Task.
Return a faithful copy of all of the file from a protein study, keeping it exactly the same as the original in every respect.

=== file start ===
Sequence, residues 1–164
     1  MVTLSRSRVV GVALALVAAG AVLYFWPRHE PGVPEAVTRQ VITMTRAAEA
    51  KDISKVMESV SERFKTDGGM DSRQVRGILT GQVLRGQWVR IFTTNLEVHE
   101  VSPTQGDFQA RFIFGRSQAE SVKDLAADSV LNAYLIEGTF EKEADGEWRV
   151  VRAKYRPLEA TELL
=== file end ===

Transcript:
Sequence, residues 1–164
     1  MVTLSRSRVV GVALALVAAG AVLYFWPRHE PGVPEAVTRQ VITMTRAAEA
    51  KDISKVMESV SERFKTDGGM DSRQVRGILT GQVLRGQWVR IFTTNLEVHE
   101  VSPTQGDFQA RFIFGRSQAE SVKDLAADSV LNAYLIEGTF EKEADGEWRV
   151  VRAKYRPLEA TELL